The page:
Mary Chapin Carpenter

By Paul Moffett

It was definitely a songwriter's night, in multiples and with just a hint of attitude, when Mary Chapin Carpenter played the Palace Theatre on June 12. Carpenter's hits have all been in contemporary country but when WAMZ on-air personality Sonny Stevens came on-stage to barely a ripple of acknowledgment, announced that she had never been in the Palace, urged everybody to stay around for Mary Chapin Carpenter (!) and left, it was plain this was not a WAMZ crowd.

But that's all right, because Carpenter is a songwriter/singer of considerable skill and talent and she picked an equally skillful group of players to back her up, including opening singer/songwriter Jim Lauderdale and Rounder Artist Duke Levine.

Opener Jim Lauderdale did a valiant job against a background hum of conversation, but a less-than-perfect selection of otherwise good songs made it an uphill battle. Sounding rather like Jimmie Dale Gilmore without the Texas twang, he offered up several excellent tunes, many of which had been cut by bigger artists, including Kathy Mattea and George Strait. A song written and sung in the style of Ralph Stanley drew some appreciative applause, but because the audience was unfamiliar with his material, they were also apparently unwilling to make the effort to hear what he did.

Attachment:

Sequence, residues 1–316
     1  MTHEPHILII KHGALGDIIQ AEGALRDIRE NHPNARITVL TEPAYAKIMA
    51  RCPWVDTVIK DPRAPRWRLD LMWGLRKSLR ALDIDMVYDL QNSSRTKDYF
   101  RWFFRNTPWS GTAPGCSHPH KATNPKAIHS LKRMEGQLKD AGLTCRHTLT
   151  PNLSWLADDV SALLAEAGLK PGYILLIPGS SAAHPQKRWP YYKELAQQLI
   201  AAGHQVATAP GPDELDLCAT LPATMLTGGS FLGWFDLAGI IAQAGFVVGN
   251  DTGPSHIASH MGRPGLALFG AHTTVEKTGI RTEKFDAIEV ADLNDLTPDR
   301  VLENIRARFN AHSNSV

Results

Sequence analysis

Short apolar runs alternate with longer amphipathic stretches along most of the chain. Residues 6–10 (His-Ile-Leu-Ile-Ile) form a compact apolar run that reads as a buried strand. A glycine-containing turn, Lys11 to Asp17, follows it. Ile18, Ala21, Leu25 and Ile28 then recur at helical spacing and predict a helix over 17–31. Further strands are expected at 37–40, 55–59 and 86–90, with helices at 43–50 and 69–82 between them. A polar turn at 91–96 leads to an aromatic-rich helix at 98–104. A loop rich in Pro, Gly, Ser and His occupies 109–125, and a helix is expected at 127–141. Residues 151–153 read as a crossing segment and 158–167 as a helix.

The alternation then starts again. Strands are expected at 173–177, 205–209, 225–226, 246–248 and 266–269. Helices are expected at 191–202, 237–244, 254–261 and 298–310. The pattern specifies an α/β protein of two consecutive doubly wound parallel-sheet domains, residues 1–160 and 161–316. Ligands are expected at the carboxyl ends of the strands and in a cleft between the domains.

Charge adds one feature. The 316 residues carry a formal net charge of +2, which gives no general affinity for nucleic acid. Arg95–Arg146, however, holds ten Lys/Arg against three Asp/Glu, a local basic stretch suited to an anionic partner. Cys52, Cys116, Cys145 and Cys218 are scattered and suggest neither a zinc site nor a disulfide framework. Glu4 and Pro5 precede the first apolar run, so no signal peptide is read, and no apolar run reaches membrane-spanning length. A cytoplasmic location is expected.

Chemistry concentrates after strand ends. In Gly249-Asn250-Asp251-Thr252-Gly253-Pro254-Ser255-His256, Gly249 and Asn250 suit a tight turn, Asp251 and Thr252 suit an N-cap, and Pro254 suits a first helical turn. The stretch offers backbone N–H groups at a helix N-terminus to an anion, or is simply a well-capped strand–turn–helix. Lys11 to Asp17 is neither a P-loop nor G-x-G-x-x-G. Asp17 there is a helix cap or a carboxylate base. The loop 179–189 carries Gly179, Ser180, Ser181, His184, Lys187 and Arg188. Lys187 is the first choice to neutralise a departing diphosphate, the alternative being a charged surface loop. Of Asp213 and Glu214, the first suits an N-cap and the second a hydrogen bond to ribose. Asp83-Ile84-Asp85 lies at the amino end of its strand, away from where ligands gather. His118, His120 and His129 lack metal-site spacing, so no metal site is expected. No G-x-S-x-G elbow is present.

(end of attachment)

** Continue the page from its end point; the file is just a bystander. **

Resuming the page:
On a night when the women's room was doubly overcrowded, Mary Chapin Carpenter made the audience feel like guests in her living room, when a gang of her friends stopped by to pick a little. She served up a set of songs that reached all members of the audience, whether or not they felt any special connections to the performer.

With a six-piece band which shrank and swelled as needed, Carpenter demonstrated that her years in the business had left her skillful and well-schooled, if somewhat bruised by the day-to-day grind of playing covers in restaurants. Her assault on "Desperado," later repeated when keyboardist John Carroll sang the tune Donald Duck style, was just another version of the "I Am An Artist Above All That" theme common to many songwriters. She should hope that some day one of her tunes is so popular that all other musicians loathe it.

She didn't get to her country hits until near the end of night and those were more rocked out than even current country sound. By that time, her traveling dog Riley, a stage hog hound, had put a homegrown feeling on the show with his occasional interruptions and the audience left thoroughly satisfied.